Last weekend was my roommate's birthday, so I went ahead and made a plate of cupcakes for her. In fact, I only made half of the number of cupcakes I could have made from the mix I bought.

I don't do a lot of baking, or cooking of any kind for that matter, so I was surprised when I went to the supermarket buy the items to make the cupcakes and realized how cheap it all costs.

I made cupcakes, but the same box of cake mix could have made an entire cake. Besides the mix I also needed oil, eggs, water and frosting. Here's how the cost breaks down:

Cake Mix: $0.89
Frosting: $1.27
1 Cup Water: Virtually nothing
Three Eggs: $0.75
1/3 Cup Oil: $0.30

Total cost: $3.21. And again, this is for a whole cake. How many healthy meals are out there that can be made for this little money? If you need any more proof of how screwed up the public health priorities are in this country, look no further than this.
I attended my second Phoenix Forum yesterday (you can read my recap of the last forum with Carl Jones here). There was a great turnout and the discussion was very intriguing. I can't say enough good things about the Phoenix Forum series. But alas, this is a post about a few points that Terry Schwarz brought up during the discussion (for background on her work, see here).

Suburbanizing the City
Schwarz brought up the fact that some of the most 'urban' developments in Cleveland are happening on the suburban fringe, in the form of 'lifestyle centers.' At the same time, suburban big-box developments like Steelyard Commons are getting dropped from the sky right into the inner-city. I'm a vocal critic of lifestyle centers, and while I haven't written specifically about Steelyard Commons, I've always felt disappointed that the same stores couldn't have come to Cleveland in the form of a mixed-use development. I have a really hard time with this. I understand where the supporters are coming from, but it also feels like we've made a concession, thrown in the towel, and admitted that they city can't do any better for itself.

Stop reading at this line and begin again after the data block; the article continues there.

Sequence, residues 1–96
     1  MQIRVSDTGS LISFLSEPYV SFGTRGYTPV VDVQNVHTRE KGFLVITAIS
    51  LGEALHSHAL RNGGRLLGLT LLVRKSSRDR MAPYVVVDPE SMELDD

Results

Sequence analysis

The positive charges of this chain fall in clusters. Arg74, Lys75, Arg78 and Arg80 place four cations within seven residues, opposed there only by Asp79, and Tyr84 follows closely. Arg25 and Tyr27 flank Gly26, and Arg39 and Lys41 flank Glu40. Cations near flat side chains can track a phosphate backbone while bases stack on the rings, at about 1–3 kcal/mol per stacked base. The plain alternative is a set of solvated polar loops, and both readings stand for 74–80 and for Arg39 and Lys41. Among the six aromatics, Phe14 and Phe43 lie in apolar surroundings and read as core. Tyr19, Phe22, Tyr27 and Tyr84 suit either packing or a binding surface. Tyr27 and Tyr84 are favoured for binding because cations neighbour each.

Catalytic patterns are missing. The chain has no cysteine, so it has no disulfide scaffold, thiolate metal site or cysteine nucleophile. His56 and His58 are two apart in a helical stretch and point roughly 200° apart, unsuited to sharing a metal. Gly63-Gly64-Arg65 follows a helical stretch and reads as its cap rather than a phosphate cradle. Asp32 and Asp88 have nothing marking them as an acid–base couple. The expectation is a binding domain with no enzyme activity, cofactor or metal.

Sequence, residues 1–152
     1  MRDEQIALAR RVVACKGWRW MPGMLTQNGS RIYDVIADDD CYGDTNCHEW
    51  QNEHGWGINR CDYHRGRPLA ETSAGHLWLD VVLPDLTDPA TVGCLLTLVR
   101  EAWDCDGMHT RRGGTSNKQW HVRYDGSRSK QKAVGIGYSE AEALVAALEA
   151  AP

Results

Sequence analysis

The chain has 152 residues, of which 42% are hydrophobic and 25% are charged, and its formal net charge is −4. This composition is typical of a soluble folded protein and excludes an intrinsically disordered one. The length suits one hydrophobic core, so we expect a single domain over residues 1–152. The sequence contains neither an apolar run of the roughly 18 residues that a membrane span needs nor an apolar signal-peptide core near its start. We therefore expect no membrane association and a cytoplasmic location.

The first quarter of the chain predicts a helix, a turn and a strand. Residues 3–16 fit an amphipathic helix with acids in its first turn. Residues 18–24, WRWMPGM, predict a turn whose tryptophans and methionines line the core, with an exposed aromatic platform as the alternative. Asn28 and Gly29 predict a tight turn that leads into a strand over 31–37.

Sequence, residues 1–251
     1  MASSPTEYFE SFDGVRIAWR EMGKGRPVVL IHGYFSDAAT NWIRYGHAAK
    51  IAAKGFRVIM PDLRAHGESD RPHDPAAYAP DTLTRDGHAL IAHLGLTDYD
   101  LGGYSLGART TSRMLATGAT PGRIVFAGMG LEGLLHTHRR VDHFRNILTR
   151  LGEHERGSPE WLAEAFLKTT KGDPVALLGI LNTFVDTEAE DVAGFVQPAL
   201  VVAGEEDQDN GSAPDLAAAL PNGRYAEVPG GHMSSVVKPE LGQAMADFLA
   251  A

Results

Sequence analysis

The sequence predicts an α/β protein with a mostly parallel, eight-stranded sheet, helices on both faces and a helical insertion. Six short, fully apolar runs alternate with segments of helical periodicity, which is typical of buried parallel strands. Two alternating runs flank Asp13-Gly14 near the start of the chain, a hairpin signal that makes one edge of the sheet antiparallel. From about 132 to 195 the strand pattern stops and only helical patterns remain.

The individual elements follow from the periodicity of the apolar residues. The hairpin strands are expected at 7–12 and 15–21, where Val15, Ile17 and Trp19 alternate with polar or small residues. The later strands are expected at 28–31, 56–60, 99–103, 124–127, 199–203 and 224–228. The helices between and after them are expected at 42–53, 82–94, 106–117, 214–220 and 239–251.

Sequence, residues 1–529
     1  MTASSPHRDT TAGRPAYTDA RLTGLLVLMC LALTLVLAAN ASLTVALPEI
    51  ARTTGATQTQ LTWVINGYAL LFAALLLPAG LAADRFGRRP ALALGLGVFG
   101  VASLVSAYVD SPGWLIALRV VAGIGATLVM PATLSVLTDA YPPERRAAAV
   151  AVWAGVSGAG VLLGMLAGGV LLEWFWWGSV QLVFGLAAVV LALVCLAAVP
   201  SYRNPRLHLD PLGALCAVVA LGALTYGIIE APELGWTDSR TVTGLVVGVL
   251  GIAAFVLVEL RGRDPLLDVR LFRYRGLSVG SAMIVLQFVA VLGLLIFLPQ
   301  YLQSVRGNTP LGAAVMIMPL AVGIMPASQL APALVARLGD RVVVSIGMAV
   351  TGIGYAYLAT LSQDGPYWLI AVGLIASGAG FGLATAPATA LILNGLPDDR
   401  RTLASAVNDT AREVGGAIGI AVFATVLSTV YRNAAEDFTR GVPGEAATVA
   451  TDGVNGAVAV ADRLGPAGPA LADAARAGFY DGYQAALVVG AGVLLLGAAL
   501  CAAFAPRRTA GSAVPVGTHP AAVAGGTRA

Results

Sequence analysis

The D-Word
An interesting point to consider when it comes to struggling cities and neighborhoods isn't 'why are people leaving', but rather, 'why is there anyone left'? Schwarz noted that even the worst, most run-down, overwhelmingly blighted neighborhood in Cleveland still has 1200 people living in it. This isn't as complex as asking 'why does anyone still live in Detroit'? because leaving one neighborhood for another is much simpler, in theory. Schwarz thinks struggling neighborhoods should be deregulated to the point where property owners can essentially do whatever they think would turn the neighborhood around. There's definitely some compelling arguments in the case that outdated zoning laws and other regulations don't allow for the types of recovery in neighborhoods that they need.